Well, what’s next for St-Cyr and Kohler? Carnival, the 15th, is due to be published this May and it takes St-Cyr and Kohler to Alsace where St-Cyr, being French, has no jurisdiction and is, indeed, a foreigner. Even speaking French is verboten. Two apparent suicides bring them to a work camp, a factory, and finally to a Konzentrationslager, but mostly to a Karneval that was left behind when the Blitzkrieg struck. Booths, shies, the Ferris wheel, et cetera, are all in their states of ruin, and it is here that one of the suicides occurred, the other being in that rayon factory.


The 16th sees them back in Paris but in October 1943, the time period having been moved ahead. Unfortunately so many things have intruded of late, I am still all but on that final page and wondering if I will ever finish it–a remarkable story, that’s for sure. Has to be, doesn’t it? But if you write as I do and have, you will come to that truest of writer’s points. You will come to hate the book you’ve been writing until, that is, you set that pencil down as I do, or stop typing. Then there’s the joy, one hopes, of course, of reading it all through and working on it. That’s when I can finally relax and ask myself, Who was it that wrote this? Myself or someone only my subconscious knows?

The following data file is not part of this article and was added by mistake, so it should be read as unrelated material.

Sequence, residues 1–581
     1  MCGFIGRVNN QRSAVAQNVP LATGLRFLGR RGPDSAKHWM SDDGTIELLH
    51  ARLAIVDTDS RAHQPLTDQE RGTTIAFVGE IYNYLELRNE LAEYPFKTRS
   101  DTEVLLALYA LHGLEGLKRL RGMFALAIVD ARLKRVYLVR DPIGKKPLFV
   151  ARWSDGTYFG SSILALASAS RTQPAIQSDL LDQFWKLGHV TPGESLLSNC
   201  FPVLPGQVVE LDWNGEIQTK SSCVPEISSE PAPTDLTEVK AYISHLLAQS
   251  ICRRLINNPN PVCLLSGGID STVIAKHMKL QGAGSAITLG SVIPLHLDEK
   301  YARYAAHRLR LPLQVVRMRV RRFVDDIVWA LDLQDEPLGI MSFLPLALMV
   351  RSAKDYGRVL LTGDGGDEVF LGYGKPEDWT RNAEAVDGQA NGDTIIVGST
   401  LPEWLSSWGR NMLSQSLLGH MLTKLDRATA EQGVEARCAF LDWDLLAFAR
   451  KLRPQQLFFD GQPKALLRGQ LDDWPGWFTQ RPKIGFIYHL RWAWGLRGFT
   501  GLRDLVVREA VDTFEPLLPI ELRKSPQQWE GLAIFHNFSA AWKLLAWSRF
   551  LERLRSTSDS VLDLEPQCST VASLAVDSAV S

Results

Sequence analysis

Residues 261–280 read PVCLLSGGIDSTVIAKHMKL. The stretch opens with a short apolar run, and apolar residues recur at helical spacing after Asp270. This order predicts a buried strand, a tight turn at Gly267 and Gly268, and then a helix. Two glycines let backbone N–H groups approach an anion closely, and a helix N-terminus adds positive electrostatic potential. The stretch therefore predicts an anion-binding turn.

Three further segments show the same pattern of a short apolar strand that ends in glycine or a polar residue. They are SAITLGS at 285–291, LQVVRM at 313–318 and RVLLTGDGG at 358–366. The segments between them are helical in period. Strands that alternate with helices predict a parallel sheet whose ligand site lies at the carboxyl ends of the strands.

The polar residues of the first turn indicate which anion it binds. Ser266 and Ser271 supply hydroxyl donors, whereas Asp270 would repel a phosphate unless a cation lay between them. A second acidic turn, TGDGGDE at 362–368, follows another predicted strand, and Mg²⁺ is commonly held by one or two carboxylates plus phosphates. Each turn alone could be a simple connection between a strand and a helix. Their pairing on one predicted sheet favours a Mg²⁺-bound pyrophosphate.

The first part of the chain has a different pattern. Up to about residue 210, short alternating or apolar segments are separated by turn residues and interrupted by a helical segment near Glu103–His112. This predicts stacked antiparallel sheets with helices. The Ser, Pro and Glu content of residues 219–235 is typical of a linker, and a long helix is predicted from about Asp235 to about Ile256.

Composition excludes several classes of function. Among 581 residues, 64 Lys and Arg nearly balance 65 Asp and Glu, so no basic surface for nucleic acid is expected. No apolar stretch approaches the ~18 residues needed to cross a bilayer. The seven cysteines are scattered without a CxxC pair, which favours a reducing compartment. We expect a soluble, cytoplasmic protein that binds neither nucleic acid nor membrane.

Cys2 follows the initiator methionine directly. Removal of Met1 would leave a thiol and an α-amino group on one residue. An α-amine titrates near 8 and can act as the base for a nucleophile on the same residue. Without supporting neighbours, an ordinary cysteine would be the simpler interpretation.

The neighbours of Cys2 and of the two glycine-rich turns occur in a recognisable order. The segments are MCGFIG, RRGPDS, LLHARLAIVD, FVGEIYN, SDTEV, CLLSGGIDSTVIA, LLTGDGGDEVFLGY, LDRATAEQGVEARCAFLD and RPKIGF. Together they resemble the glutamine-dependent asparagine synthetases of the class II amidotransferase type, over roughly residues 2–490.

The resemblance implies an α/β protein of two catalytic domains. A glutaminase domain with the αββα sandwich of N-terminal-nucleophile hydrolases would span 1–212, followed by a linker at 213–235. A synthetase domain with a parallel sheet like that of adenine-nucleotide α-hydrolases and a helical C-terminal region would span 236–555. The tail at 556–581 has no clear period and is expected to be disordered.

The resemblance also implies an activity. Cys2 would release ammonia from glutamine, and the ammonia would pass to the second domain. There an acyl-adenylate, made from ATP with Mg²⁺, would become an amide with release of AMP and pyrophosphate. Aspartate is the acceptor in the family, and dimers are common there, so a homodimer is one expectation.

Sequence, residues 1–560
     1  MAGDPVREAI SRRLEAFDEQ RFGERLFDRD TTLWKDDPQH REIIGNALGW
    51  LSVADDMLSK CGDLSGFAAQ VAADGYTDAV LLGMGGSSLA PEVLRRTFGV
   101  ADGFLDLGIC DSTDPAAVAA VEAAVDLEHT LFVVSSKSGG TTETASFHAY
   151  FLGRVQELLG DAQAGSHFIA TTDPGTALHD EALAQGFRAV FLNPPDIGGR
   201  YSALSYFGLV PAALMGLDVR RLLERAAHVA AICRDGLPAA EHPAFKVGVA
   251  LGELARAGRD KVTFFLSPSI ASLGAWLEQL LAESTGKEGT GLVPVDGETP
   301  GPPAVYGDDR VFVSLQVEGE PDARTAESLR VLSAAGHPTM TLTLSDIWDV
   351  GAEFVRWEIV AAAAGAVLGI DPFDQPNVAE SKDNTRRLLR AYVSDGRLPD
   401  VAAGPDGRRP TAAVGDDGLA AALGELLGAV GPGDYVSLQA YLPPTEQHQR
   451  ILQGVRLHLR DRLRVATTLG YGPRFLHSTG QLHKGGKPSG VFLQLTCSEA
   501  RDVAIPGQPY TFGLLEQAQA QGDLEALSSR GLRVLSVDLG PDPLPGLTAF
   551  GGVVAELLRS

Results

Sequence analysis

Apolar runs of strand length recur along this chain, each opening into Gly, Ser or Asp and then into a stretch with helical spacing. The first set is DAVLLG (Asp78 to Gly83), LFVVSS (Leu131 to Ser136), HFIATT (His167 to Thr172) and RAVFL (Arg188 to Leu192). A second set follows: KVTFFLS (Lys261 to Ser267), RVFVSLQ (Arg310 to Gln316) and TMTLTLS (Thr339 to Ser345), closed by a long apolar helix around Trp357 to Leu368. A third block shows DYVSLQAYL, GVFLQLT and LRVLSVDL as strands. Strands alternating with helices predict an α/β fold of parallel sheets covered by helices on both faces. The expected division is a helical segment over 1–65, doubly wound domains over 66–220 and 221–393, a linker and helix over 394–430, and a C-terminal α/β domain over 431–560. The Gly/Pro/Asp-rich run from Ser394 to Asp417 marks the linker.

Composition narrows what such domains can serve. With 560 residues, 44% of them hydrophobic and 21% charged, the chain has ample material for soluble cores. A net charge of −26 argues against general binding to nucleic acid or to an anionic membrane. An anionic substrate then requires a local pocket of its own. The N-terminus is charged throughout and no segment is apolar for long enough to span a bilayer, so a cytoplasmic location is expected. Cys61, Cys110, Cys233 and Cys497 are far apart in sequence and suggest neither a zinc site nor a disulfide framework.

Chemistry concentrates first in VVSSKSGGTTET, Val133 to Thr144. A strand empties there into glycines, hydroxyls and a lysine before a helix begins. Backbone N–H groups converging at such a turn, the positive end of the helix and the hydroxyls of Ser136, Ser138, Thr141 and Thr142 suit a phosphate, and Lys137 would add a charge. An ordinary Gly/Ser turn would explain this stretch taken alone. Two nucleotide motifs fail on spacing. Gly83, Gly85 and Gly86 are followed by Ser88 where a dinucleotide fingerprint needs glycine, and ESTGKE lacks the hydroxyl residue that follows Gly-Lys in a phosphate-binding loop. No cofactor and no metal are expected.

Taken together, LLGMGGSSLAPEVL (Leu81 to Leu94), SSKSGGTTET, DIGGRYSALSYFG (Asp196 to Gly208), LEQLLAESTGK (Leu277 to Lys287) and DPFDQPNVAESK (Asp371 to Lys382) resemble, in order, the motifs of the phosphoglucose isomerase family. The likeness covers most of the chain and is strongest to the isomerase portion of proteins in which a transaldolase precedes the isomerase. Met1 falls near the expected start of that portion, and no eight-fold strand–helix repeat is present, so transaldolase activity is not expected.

Bob, thanks so much for taking the time to talk with us at Scene of the Crime.


For more information, see the home page of J. Robert Janes.


Also see J. Kingston Pierce’s excellent interview at the Rap Sheet.


St. Cyr and Kohler series:


1. Mayhem (1992)


2. Carousel (1992)


3. Kaleidoscope (1993)


4. Salamander (1994


5. Mannequin (1994)


6. Sandman (1994)


7. Stonekiller (1995)


8. Dollmaker (1995)


9. Gypsy (1997)


10. Madrigal (1999)


11. Beekeeper (2001)


12. Flykiller (2002)


13. Bellringer (2012)


14. Tapestry (2013)


15. Carnival (2014)


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Published on February 23, 2014 14:36 • 16 views

February 9, 2014

ccdutch2 copyColin Cotterill is the author of numerous volumes in the popular Dr. Siri Paiboun series, featuring the septuagenarian Laotian coroner. Dr. Siri had thought to spend a peaceful retirement, but he is conscripted by the Communist government after the 1975 takeover of Laos. He hopes to make this job a sinecure; in the event he continually finds himself knee deep in murders and cover ups, far from the usual retirement activities.